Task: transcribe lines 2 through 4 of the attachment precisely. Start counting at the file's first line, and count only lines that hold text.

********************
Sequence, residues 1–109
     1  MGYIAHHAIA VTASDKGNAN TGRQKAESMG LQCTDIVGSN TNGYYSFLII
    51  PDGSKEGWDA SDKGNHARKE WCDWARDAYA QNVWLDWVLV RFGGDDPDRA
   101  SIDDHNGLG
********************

     1  MGYIAHHAIA VTASDKGNAN TGRQKAESMG LQCTDIVGSN TNGYYSFLII
    51  PDGSKEGWDA SDKGNHARKE WCDWARDAYA QNVWLDWVLV RFGGDDPDRA
   101  SIDDHNGLG